CC: Yes. I mean, I can see perhaps some of our listeners bristling in that we’ve been trying – “we” in Religious Studies – to get way from a belief-centred model of religion, in a sense. You know, because it’s so much more than that, potentially. So then, to take this other side of the coin, and then also say it’s “unbelief”, it’s potentially got the same problems as reifying belief. But it’s under-theorised. It doesn’t have that cachet – as you were saying – that it’s potentially an analytic term. And it also . . . And I’ve got to say that my current project is a comparative study of unbelief in Scotland and Northern Ireland, partly piggy-backing on the UU programme. But also, I found that was a much easier word to utilise with funders, and people who were assessing applications who were outside of these debates. Unbelief wasn’t as problematic in a sense as religion, non-religion – a lot less baggage, but made a bit of intuitive sense (15:00). So that’s part of it.

LL: I think that’s really important point, actually. And I think, sometimes, there are different modes of scholarship. My mode has been to work out what concepts are useful to me and what aren’t and then run away with the ones that are useful to me. But that shuts off a lot of conversation with people who are using different concepts. And unbelief, I think, is really useful, because it’s sort-of salient and intelligent to broader populations. They know where you’re at. Some of the preparatory work for this programme was developed in a programme called the Scientific Study of Non-Religious Belief. And if you’ve read work around relational theories of non-religion, non-religious belief is something that makes sense. But if you haven’t, and this is something that in earlier iterations of the project we came up against, you are not clear what a non-religious belief is. “Is that just any belief, that isn’t religious?” “Well, no. That’s not what we meant.” But that kind of confusion isn’t always helpful to having kind-of knowledge exchange with different kinds of audiences and research partners in a way that unbelief is helpful. It draws out its controversies, too. But a lot of that discussion can be very helpful. I think we have a sense that one of the major goals of the project, which is very descriptive in its intention . . . . So, you can summarise its core research question as being: “To summarise the nature and diversity of – scare quotes – “unbelief”. And I tend to think of one of the major outcomes of the programme being the ability to identify different profiles of unbelievers within national populations, and maybe breaking that down further still. We could think about them as denominations of unbelievers perhaps, but maybe that’s not a helpful way of going about it.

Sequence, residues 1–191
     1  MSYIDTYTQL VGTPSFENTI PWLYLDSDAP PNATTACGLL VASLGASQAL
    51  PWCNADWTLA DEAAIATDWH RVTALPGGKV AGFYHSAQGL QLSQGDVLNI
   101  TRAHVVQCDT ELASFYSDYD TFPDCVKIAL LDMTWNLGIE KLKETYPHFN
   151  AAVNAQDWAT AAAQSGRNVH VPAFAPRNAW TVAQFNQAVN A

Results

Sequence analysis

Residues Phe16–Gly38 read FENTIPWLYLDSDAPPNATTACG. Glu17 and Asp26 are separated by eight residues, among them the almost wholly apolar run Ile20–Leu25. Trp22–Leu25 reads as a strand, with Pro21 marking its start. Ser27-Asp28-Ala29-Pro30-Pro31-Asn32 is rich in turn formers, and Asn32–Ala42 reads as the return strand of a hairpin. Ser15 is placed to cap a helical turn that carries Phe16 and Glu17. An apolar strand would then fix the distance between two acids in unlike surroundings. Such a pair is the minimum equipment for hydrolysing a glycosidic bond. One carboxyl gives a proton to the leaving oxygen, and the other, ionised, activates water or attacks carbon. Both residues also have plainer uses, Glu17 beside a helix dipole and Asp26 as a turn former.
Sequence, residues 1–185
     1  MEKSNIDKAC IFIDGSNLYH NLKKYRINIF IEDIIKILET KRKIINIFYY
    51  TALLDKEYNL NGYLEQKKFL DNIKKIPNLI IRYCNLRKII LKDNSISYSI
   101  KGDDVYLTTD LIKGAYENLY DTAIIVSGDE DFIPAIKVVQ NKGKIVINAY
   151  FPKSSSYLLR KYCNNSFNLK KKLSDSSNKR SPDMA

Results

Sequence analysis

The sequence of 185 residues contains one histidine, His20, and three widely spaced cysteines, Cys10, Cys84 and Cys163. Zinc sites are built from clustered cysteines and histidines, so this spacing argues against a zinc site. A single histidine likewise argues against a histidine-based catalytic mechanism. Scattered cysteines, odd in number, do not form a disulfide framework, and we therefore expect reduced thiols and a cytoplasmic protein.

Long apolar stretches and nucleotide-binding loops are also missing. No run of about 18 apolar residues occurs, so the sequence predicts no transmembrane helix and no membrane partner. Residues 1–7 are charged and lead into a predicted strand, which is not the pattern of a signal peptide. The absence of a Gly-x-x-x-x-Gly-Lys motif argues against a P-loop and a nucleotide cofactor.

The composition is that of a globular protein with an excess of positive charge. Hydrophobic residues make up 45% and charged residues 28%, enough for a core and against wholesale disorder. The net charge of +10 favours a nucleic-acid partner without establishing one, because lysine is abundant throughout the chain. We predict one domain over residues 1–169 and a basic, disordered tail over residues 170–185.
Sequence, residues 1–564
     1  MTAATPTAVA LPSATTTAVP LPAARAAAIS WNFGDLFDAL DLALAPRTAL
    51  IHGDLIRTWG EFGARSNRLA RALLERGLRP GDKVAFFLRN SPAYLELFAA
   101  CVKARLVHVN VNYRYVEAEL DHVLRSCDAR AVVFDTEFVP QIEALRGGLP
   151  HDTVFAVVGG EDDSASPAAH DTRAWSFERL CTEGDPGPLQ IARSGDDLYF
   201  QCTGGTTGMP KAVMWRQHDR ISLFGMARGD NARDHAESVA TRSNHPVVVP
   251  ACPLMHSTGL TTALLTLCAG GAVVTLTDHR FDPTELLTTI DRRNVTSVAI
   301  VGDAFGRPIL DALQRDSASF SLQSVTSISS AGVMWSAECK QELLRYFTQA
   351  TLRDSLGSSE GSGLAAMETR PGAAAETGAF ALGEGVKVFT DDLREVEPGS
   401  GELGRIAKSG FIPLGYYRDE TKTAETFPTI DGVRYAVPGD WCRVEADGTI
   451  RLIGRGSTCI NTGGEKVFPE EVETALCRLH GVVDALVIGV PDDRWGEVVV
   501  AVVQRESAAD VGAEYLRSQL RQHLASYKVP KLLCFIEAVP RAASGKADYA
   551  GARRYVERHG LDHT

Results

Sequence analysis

CC: Hmm.

LL: But I think, in doing that, we should be able to identify much more concrete positive language that will hopefully replace, in many ways, the concept of unbelief. I think unbelief is . . . . I’d be interested to know what you think, with your project. But for me, I’m not sure there’s going to be analytic validity usefulness. It’s quite clearly a kind of folk category.

CC: Mmm.

LL: But it’s a gateway to hopefully identifying a set of better, more interesting concepts – better and more interesting also than atheism and secularism and non-religion. And again, that’s a bit of a concern with those concepts, because they’re slightly helpful. They are all helpful in lots of different ways, but because they’re helpful they sort-of close down options to push further in certain directions. Whereas, in a way, unbelief is so clearly a sort-of folk category, it sort of invites us to think: “Well, what am I talking about here?” So I might be inclined to say, again, that unbelief is another transitional concept, like non-religion. And, if I’m still using the concept in 10 years’ time . . . . (Laughs)

CC: (Laughs) Why not?

LL: So we can meet again in a few years, and see what’s come to pass.

CC: Exactly, and what new . . .

LL: I think it’s a productive conversation. And in the programme we’re also concerned to broaden out the conversation from academia and engage much more effectively with broader audiences. And again, a sort of language that makes sense to broader audiences will help us to do that and help us to learn from perspectives outside of academia.

CC: Excellent. Now, there’s a few directions we could go in here. And part of me is wanting to push that button again about: are we potentially reifying groups here, by talking about types of unbelievers and dichotomising the world? But, listen to our previous interview – listen to my interview with Johannes Quack, back from 2015 and also read some of Lois’s work, some of my work where we do engage with this, alright?